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There was once a time in Sri Lanka, when a merry lot of comic fans looked forward to reading there favorite strips on the newspaper every week.

About a few decades, dozens of Hollywood movies, millions of television purchases and the aftermath of the Internet later, here we are- all fantasizing about what it must have been like to read Sinhala comics or Chithra Katha (lit. “picture stories”) as the locals call them.

But guess what, you can stop fantasizing now. If you have been interested in the Sri Lankan comic scene for the past two years, it would have been impossible to miss the hilarious and wonderful comic, Sakkai Muniyai by Achinthya Amarakoon AKA Papadamn.

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Here’s the artist behind it all – Achinthya Amarakoon

I certainly was able to catch it and once gotten hold of, it was impossible to put down. The story of Sakkai Muniyai captivates you on the first page itself and there on out it’s a wittily crafted tale with brilliant social commentary and satire. And recently I was able to reach out to the talented and lovely lady behind it all, Achinthya Amarakoon, a leading comic artist and storyteller in Sri Lanka’s modern comic industry. And since she’s basically revived the medium and given it a new form that suits this era, I thought it would be a fantastic idea to seize this opportunity to inspire aspiring young Sri Lankan comic artists.

So here’s hoping you find your inspiration- my interview with Papadamn:

Q:

Before getting into anything else, I want to ask you, how does it feel to be able to draw your own comic series, bring characters to life and to have people love it?

I think it is a dream come true and something I never thought would happen. I’m so thankful that many people love my boys as much as I love them.

Q:

Sakkai Muniyai” is a comic that you’re publishing on Facebook. For my readers who are not familiar with the series, could you give out the premise of the story?

Sakka is the son of the ruler of gods. But he does not possess godly virtues such as charm and grace. He is brash, rude, and a bit of a brat. Muniya is the son of the ruler of demons. But he too does not possess the violent and sadistic tendencies of demons. Instead, he’s naive, kind, and a bit of an airhead. Their fathers send them off to the human realm to “fix themselves” and they end up sharing the same shabby boarding house! 

Sakkai Muniyai follows their misadventures showing how they grow as individuals, how they bond, and how they fit in with an overlaying narrative of a cold war between gods and demons.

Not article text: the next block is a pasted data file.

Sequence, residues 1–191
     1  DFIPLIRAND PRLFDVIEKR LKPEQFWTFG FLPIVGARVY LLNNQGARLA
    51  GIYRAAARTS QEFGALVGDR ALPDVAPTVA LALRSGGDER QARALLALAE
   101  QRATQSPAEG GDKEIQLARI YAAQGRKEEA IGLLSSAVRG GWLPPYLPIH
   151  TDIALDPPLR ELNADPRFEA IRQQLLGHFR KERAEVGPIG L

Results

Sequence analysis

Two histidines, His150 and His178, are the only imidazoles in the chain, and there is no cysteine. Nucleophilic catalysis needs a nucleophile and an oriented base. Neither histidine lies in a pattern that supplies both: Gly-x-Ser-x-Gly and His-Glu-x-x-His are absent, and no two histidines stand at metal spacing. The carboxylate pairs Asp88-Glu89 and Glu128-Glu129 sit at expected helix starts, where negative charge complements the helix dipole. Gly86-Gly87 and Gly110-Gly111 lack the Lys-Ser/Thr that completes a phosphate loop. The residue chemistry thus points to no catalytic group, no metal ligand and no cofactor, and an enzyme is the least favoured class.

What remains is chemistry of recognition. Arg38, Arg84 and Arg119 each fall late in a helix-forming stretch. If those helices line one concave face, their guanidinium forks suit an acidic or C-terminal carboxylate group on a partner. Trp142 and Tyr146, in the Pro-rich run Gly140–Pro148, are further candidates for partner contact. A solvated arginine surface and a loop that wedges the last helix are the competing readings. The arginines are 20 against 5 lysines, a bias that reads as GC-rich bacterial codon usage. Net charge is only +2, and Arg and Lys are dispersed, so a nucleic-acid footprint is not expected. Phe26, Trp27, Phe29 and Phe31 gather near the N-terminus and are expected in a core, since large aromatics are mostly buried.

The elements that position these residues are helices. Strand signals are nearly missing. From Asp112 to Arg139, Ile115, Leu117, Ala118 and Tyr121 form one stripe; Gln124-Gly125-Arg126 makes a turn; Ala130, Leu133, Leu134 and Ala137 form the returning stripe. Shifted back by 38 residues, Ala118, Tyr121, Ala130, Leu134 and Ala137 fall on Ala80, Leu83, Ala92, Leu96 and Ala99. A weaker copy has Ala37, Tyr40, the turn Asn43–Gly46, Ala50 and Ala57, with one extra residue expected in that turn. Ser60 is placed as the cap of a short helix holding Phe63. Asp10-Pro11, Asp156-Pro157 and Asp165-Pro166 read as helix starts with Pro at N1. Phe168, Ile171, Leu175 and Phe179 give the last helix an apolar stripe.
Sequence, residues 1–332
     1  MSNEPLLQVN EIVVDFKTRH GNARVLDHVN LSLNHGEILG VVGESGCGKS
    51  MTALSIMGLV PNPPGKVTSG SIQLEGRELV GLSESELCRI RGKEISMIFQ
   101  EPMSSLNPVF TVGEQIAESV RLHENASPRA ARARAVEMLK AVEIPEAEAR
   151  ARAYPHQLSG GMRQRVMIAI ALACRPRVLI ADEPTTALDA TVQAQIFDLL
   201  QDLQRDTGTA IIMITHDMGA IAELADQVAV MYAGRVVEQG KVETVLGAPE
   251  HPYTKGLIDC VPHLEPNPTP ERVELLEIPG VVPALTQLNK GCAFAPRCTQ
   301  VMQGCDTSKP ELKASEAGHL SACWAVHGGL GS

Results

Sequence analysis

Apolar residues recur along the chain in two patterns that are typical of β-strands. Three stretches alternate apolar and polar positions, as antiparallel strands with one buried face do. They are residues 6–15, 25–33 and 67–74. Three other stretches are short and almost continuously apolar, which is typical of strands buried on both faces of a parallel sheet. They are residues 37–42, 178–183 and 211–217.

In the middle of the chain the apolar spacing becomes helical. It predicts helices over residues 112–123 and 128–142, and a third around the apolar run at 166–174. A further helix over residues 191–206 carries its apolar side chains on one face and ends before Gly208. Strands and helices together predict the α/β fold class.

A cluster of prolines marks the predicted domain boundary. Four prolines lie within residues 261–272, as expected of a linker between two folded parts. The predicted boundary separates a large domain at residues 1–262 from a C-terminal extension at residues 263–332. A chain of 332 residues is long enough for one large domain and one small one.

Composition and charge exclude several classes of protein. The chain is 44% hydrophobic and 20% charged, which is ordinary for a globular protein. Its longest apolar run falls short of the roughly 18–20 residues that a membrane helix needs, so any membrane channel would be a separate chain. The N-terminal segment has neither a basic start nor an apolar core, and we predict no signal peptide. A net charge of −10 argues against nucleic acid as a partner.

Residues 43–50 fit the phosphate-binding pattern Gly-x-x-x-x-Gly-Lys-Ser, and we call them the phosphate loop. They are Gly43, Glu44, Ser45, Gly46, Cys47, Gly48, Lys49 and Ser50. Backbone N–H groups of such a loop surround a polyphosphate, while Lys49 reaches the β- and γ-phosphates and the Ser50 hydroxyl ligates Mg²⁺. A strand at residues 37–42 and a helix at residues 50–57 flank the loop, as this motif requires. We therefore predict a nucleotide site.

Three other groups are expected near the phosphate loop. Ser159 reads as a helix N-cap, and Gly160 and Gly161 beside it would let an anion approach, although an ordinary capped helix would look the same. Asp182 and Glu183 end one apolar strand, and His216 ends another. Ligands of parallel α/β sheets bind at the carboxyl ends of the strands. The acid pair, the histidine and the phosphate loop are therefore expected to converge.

Q:

Is there anything in particular that inspired you to start drawing a series like this?

I was always a comic fan and a storyteller. However, my interest in creating a series began after I got exposed to Japanese Comics, aka Manga. I used to read a lot of them, especially shounen-ai/ BL (Boys’ Love). I was fascinated by how people fell in love with characters and the subtle techniques mangaka (manga artists) used in their art and storytelling to bring out the character personalities.

Q:

Comics used to be huge in Sri Lanka back in the day, when newspapers that were dedicated to comics like ‘Sathuta’ and ‘Siththara’ were popular. They’ve had a huge impact on our entertainment culture, some even being adapted into the big screen. 

What does the future of the industry look like to you? Do you see promise?

There was a time when the comic scene was more or less dead. However, with the rise of geek culture in Sri Lanka (Including massive Geek conventions, meetups, and Geek themed shops), I feel like comics have started getting some attention again. I see a lot of indie artists trying their hand at comics and a few of them have reached out to me for advice as well.

That being said, the industry still has a long way to go. There are no proper pipelines, procedures or an “industry” so to speak, and we have to do our promotions and marketing by ourselves. So it’s a bit of a challenge. I do hope that bigger players with more resources will see the potential in the industry and invest in it, which will result in more creators joining in.

Q:

Your central publishing platform is Facebook.

What are the challenges and perks of this platform when it comes to reaching readers and keeping them updated?

If I was doing a comic in English for foreign readers, I usually go for a specialized site like Tapas or WEBTOON. Since Sakkai Muniyai is mainly targeted towards Sri Lankans, Facebook works better in terms of reach and accessibility.